WASHINGTON – The number of Americans who signed contracts to buy U.S. homes rose in March, the latest sign the battered housing market is slowly improving.
A separate report Thursday said the average rate on 30-year fixed mortgages has dipped to near its record low, keeping home-buying and refinancing affordable.
Mortgage buyer Freddie Mac says the rate on 30-year loans averaged 3.88% this week, down from 3.9% last week. In February, the rate hit 3.87%, lowest since long-term mortgages began in the 1950s.
The 30-year loan is the most common financing option for home buyers.
The average on 15-year fixed-rate mortgages, popular with homeowners who are refinancing, dipped to 3.12%, from 3.13% last week. The national average hit an all-time low of 3.11% two weeks ago.
In the home sales report, the National Association of Realtors says its index of sales agreements increased 4.1% last month to a reading of 101.4, highest since April 2010, when buyers could qualify for a federal home-buying tax credit. A reading of 100 is considered healthy.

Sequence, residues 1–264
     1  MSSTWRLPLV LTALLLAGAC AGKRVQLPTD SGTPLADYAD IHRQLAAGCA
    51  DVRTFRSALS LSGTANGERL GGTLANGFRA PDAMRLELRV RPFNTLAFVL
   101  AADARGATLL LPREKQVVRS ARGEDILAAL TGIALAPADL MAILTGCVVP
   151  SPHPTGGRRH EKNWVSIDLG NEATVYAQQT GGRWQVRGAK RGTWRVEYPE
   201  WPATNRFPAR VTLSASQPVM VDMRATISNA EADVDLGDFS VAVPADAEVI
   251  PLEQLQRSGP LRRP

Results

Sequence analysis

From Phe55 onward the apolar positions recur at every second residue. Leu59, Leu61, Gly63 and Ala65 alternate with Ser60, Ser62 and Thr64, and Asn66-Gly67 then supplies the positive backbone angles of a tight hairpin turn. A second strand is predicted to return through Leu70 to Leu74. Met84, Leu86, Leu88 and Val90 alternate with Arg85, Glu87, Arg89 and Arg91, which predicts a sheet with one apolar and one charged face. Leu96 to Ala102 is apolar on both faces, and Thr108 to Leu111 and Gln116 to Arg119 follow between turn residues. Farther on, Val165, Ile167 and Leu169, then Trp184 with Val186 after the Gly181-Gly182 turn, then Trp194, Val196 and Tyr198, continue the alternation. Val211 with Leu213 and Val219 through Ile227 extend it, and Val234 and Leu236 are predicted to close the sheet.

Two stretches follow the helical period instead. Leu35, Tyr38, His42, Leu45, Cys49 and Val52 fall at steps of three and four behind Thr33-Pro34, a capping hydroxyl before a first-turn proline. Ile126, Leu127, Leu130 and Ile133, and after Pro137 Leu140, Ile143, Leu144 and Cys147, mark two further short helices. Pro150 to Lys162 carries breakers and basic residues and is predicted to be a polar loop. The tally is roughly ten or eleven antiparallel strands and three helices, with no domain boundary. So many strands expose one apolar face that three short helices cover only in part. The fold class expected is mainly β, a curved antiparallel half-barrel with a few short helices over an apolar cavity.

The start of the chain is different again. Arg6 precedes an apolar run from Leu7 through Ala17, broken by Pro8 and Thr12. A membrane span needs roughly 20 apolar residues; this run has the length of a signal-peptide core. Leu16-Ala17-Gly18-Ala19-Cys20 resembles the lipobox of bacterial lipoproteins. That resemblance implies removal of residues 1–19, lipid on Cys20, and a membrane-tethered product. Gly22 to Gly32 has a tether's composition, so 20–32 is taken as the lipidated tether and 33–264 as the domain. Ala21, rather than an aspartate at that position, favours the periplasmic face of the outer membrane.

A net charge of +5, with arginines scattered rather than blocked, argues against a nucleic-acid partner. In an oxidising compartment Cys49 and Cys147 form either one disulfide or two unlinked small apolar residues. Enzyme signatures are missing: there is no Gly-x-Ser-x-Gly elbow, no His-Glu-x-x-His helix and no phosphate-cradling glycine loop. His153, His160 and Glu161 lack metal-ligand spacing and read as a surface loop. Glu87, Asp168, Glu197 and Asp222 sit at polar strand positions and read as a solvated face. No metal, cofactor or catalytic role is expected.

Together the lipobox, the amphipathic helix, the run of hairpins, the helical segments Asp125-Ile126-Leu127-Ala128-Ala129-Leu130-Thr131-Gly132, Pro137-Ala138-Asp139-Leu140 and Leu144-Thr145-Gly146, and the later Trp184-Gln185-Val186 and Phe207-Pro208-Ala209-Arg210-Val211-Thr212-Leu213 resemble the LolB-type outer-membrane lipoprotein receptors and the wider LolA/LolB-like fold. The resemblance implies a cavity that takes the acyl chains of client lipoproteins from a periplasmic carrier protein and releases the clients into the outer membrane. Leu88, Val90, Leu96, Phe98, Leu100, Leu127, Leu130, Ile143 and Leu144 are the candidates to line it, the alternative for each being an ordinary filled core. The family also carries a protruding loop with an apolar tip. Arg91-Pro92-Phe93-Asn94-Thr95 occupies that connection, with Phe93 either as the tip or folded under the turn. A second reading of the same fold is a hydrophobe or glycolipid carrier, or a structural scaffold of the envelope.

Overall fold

Contract signings typically indicate where the housing market is headed. There’s a one- to two-month lag between a signed contract and a completed deal, and not all contracts end with sold homes.
More signings are among recent signs of a slight pickup in the housing market. New home sales fell in March but have risen over the past year. Builders are also more confident.
By David Wallace, The Republic/File
Source: USA Today Money